You peer out your window and see grey mist through a cascade of water dripping from your eaves.
For most, this scene doesn’t exactly elicit gleeful shouts of “Woohoo, let’s get outside!” As much as we all love having outdoor adventures under clear blue skies, it’s a fact of west coast life that we encounter more cloudy days in a year than sunny ones.
We live on an island in the shadow of mountains amidst a rainforest, so the subject of wet-weather activities is a frequent conversation in our household. Personally, I fancy any opportunity to play in the water, whether it’s in the ocean or on land. After hiking, I often return home with soaked clothes, covered in mud, and grinning ear-to-ear. My partner usually shakes his head in disbelief as he helps me peel off my dripping jacket. Even if you don’t have an affinity for the wet stuff, it shouldn’t prevent you from getting outside and playing, it’s simply a matter of being prepared, both mentally and physically.
Choose a wet-weather activity
The likeliest way to learn to love rainy adventures is to choose an agreeable activity. Strangely, many people don’t consider water-based sports when it’s precipitating, yet they are the most fitting options. You are already in the water, so what’s a little more wet? Kayaking, standup paddleboarding, open-water swimming, surfing, and sailing all make for invigorating outings on drizzly days.
As far as land-based activites go, the muddier the better: hiking, trail running, foraging, and mountain biking are all fun. Nature walks are also entertaining, especially when we take inspiration from our childhood and we go puddle-jumping.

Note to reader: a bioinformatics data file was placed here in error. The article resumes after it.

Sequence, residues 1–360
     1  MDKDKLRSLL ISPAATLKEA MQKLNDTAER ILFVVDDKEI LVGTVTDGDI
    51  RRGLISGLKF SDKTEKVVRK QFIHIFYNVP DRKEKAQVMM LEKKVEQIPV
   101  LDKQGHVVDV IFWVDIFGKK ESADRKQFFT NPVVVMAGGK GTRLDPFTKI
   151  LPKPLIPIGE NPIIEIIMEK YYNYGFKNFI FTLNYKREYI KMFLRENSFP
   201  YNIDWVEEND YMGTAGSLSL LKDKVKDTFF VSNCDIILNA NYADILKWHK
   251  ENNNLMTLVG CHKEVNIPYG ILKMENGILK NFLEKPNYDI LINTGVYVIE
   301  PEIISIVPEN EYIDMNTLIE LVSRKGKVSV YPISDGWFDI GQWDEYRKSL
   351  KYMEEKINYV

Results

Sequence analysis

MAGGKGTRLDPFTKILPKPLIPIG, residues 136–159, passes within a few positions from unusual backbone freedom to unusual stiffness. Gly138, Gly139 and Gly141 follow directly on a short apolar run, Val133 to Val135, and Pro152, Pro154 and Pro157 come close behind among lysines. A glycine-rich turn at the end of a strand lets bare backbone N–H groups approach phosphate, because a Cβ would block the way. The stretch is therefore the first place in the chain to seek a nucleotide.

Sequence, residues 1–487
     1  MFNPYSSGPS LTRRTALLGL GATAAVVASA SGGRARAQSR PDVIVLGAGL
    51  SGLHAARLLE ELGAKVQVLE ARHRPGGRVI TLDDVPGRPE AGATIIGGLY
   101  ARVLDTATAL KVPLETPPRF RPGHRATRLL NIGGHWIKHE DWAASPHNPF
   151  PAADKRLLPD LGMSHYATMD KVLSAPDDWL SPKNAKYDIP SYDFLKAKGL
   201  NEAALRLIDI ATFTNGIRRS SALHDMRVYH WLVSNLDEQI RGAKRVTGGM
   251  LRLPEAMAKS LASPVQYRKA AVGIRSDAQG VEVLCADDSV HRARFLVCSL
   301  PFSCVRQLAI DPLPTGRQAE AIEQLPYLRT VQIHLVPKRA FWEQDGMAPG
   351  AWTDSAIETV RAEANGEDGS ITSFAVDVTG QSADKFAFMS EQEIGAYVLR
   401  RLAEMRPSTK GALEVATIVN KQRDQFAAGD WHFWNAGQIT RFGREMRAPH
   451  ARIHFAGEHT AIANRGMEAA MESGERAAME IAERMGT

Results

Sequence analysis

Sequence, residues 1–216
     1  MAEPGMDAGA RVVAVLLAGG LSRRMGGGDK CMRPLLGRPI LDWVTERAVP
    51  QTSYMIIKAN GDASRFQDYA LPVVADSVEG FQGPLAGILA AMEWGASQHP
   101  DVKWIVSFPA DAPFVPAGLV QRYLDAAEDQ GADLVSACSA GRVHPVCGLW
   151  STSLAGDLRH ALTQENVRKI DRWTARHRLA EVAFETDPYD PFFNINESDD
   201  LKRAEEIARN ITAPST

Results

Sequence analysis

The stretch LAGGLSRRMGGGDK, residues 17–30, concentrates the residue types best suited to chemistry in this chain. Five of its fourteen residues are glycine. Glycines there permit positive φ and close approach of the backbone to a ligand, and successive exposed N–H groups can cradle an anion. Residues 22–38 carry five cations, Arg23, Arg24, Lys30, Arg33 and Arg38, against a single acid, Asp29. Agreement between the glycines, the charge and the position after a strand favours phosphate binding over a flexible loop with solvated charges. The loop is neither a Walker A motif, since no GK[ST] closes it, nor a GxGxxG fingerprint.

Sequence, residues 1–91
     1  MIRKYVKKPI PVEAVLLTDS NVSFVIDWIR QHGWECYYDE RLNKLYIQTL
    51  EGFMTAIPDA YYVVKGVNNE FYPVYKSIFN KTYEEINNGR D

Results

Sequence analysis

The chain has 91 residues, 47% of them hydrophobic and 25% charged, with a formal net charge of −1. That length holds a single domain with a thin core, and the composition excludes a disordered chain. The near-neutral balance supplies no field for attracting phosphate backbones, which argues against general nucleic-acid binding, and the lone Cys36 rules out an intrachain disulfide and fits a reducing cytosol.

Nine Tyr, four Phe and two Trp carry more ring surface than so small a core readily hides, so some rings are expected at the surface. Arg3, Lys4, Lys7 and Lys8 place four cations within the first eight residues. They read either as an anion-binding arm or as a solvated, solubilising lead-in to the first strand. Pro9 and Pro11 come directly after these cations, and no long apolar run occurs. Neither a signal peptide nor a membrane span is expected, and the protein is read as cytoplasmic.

Dress for a deluge
Having the appropriate clothing can transform a potential miserable experience into a pleasant one. Even though part of the fun of being out in the rain is getting wet, for our well-being, it is important to stay warm and dry. The right gear creates comfort and prevents cold stress:
• Wear moisture-wicking base layers to keep water away from the skin. Evaporation is the quickest source of heat loss in the body, thus it is important to keep our skin dry.
• Cover up with breathable, waterproof outer layers. Modern fabric technology gives us many options for protective outerwear including jackets, pants, gloves, and hats.
• Keep your feet dry with waterproof shoes or boots. This maintains warmth, and also helps prevent blisters or immersion foot syndromes.
• Carry extra dry clothing, especially hats, gloves, socks, and base layers, if you are going to be outside for an extended period of time.
• Bring waterproof covers to safeguard your camera, phone, backpack, etc. This is a good time to use those recycled plastic bags you’ve been saving.
• For water-based activities, choose wetsuits appropriate to the environment. Learn more about how to choose a wetsuit.
Bring a positive attitude
You may have set out with more favourable weather when suddenly a cloudburst let loose. Go with the flow. Let your hair frizz, get dirty, laugh when your snacks get soggy, and know there is a warm shower when you return home. Enjoy the experience for what it is – it may not be what you hoped for, but it is an adventure!
To enjoy rainy day adventures, often the hardest part is getting out the door. After that, it’s pure joy.
Kiley believes adventure brings out the best in her and it has the capacity to do the same for others.